Curtis Nicholas Poyton, Matthew James Cheesman*, Mary-Louise Manchadi and Nickolas Anastasios Lavidis
School of Biomedical Sciences, The University of Queensland, St Lucia, Queensland 4072, Australia.
Introduction: Short and long-chained based carbon chemicals derived from plants are found in many household products and are widely used in complementary medicine. It has been suggested anecdotally that some of these chemicals have the ability to relax smooth muscle tissues, and to test this concept, this study examines the effects of 1,8-cineole, 1-heptanol, α-pinene, cis-3-hexen-1-ol and trans-2-hexenal on neurotransmission and contraction of mouse and rat vas deferens. Methods: Focal extracellular recordings from the surface of mouse vas deferens of electricallyevoked nerve terminal impulses (NTIs) and electrically-evoked excitatory junctional currents (EJCs) were examined in both the presence and the absence of each chemical. Likewise, noradrenaline-evoked contractile forces of rat vas deferens were examined in both the presence and the absence of each chemical. Results: Relative to the respective controls, 1,8-cineole, 1-heptanol and trans-2-hexenal each statistically significantly decreased both smooth muscle contractile forces and EJC amplitudes, with 1-heptanol and trans-2-hexenal also statistically significantly decreasing NTI amplitudes. On NTI and EJC amplitudes the effects of 1,8-cineole and 1-heptanol were reversible whereas the effects of trans-2-hexenal were irreversible. Conclusion: Our results demonstrate that 1,8-cineole and trans-2-hexenal decrease smooth muscle neurotransmission and contraction and thereby cause smooth muscle relaxation, thus suggesting that these chemicals may have clinical applications and health benefits.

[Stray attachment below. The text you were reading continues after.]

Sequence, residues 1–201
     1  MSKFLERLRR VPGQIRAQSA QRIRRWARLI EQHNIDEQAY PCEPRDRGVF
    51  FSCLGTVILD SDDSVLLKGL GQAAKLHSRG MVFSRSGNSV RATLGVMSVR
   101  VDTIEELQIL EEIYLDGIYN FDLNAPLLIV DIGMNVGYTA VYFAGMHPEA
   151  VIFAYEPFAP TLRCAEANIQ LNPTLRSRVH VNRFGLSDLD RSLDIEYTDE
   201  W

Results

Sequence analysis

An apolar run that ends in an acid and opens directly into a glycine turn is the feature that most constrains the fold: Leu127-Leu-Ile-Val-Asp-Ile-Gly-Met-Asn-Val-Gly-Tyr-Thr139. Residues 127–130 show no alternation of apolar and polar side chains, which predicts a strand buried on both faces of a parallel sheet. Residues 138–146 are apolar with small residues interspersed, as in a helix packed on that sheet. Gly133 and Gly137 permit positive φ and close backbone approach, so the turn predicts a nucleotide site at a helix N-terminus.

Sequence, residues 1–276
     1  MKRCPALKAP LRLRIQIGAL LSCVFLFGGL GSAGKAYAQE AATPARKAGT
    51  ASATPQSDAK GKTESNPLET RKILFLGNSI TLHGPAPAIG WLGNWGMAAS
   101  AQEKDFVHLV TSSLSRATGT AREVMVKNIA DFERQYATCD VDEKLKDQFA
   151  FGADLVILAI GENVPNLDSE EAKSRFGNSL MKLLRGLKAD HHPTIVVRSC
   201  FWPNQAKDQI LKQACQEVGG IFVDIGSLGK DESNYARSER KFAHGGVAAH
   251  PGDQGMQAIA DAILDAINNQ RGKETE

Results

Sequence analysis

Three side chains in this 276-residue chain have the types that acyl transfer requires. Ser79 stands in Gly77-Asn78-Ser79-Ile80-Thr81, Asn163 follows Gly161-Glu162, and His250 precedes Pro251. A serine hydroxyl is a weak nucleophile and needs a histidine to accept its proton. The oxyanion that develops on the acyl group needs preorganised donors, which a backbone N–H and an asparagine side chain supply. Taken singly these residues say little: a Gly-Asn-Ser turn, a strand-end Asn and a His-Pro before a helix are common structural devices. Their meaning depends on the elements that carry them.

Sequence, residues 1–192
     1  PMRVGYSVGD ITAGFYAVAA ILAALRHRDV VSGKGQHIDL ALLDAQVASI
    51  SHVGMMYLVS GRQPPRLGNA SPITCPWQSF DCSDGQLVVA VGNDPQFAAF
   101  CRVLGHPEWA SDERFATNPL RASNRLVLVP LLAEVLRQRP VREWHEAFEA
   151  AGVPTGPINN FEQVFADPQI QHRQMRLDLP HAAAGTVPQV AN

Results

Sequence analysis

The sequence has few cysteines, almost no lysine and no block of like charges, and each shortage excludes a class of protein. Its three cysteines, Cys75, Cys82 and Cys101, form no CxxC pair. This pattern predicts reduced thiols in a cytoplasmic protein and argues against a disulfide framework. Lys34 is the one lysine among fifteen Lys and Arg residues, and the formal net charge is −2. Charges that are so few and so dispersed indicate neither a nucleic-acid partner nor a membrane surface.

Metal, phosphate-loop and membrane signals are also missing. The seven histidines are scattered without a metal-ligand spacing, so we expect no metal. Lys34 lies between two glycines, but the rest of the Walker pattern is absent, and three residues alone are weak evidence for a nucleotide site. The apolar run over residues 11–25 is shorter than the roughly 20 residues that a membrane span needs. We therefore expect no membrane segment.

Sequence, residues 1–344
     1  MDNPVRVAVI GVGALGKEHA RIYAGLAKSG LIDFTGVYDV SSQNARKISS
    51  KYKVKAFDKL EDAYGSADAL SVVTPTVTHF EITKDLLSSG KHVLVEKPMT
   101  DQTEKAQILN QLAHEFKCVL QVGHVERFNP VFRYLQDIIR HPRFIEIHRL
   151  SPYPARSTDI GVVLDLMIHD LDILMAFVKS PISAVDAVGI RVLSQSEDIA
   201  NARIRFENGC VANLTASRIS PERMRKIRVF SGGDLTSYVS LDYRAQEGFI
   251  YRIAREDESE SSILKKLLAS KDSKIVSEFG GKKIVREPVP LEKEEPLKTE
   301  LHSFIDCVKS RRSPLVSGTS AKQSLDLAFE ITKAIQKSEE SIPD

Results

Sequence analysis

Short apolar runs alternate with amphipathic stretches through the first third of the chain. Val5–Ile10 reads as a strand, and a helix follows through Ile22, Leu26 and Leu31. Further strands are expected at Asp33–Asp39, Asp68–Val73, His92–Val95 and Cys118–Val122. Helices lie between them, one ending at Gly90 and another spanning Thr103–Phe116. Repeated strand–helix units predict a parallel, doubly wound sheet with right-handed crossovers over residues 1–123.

Keywords:1, 1-heptanol, 8-cineole, cis-3-hexen-1-ol, relaxation, smooth muscle, trans-2-hexenal., α-pinene